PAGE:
BACK TO THE LAND
Pioneering farm-to-table chef Spike Gjerde readies his next restaurant in Baltimore.
There was a time, not that long ago, when the focal point of Maryland dining was the soaring open hearth that blazed away each night in the heart of Woodberry Kitchen in Baltimore. The most coveted table sat right in front of it, where you could watch a team of at least three chefs waltz around each other through dinner service as they stoked the fire, fed cast iron into its bricks, and pulled out some of the most thoughtful, inventive cooking on the entire East Coast.
Now, that wood-fired oven has been filled in, converted into a fireplace, and splashed with a lacquer of white paint.
“I couldn’t say that it felt like good riddance, but it was cathartic, in a way,” says James Beard Award-winning chef-owner Spike Gjerde as he walked about his former restaurant space in mid-October.
But like many chefs across the country following the COVID-19 pandemic’s impact on the restaurant industry, Gjerde is in the midst of a reinvention. There was a moment there when he thought he might throw in the toque for good, when his A Rake’s Progress at The Line Hotel in Washington, D.C., shuttered in 2020 and his flagship Woodberry pivoted into an outdoor operation that would never be able to fully replicate the magic that once happened inside. Luckily thanks to the pressure of one fateful landlord, and a little bit of reimagining, now all of that has changed.
“At the end of the day, I’m a restaurant person,” says Gjerde, 60, who opened Woodberry in 2007 and quickly gained national recognition for spearheading the farm-to-table movement in the Mid-Atlantic, which, for this particular cook, did not just mean sourcing the occasional local tomato.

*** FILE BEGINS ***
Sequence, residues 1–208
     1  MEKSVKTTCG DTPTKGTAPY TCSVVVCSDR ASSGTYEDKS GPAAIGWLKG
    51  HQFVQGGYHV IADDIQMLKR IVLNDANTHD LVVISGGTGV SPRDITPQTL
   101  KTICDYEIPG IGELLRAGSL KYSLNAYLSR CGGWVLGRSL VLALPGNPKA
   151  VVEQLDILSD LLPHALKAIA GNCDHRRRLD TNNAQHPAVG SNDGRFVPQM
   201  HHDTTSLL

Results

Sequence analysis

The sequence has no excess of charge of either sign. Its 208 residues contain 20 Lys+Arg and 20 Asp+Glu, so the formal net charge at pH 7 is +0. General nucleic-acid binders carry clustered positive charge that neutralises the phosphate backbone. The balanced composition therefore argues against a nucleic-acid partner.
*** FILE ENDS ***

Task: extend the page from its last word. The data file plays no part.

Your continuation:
Every single ingredient, from the salt on the table to the grains in his bread to each piece of lettuce or pork or poultry—even the cast iron—came from within the Chesapeake Bay Watershed. (In fact, Woodberry was the first restaurant to use Butter Pat pans.) If they couldn’t source it locally, they’d make it, from jams to pickles to hot sauce, or attempt to, like letting house verjus stand in for the acidity of imported citrus or working with small farmers to replace black pepper with regionally grown and historically significant fish peppers.
Inspired by naturalist Wendell Berry and his own research into the effects of agriculture on the nation’s largest estuary, Gjerde had created a restaurant uniquely rooted in sense of place, with an ever-rotating menu depending on the season and schedules and crop plans of his thoughtfully chosen regenerative growers—meaning those prioritize the land first. It quickly became a mecca for eco-conscious foodies, as well as everyday diners who came in for the iconic flatbreads but left in awe of the abundance of this verdant landscape.
“I felt kind of blessed that we had the Chesapeake Bay to point to, it wasn’t an abstraction, it wasn’t some broad word like ‘environment,’ and it was, and is, in trouble! With one of the things contributing to that being large-scale agriculture,” says Gjerde, referring to the complicated side effects of conventional farming such as erosion and nutrient run-off, not to mention increased chemical use that impacts biodiversity and greenhouse gas emissions that are contributing to a warmer planet. “We wanted to say, well, what’s a better alternative?”